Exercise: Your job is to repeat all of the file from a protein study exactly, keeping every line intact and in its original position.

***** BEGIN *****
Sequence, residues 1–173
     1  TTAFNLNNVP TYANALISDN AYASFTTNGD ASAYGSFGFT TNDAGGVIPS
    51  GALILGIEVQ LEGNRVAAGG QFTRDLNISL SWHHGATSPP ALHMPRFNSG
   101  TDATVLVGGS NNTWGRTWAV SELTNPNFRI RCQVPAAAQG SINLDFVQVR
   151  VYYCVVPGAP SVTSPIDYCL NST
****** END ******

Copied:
Sequence, residues 1–173
     1  TTAFNLNNVP TYANALISDN AYASFTTNGD ASAYGSFGFT TNDAGGVIPS
    51  GALILGIEVQ LEGNRVAAGG QFTRDLNISL SWHHGATSPP ALHMPRFNSG
   101  TDATVLVGGS NNTWGRTWAV SELTNPNFRI RCQVPAAAQG SINLDFVQVR
   151  VYYCVVPGAP SVTSPIDYCL NST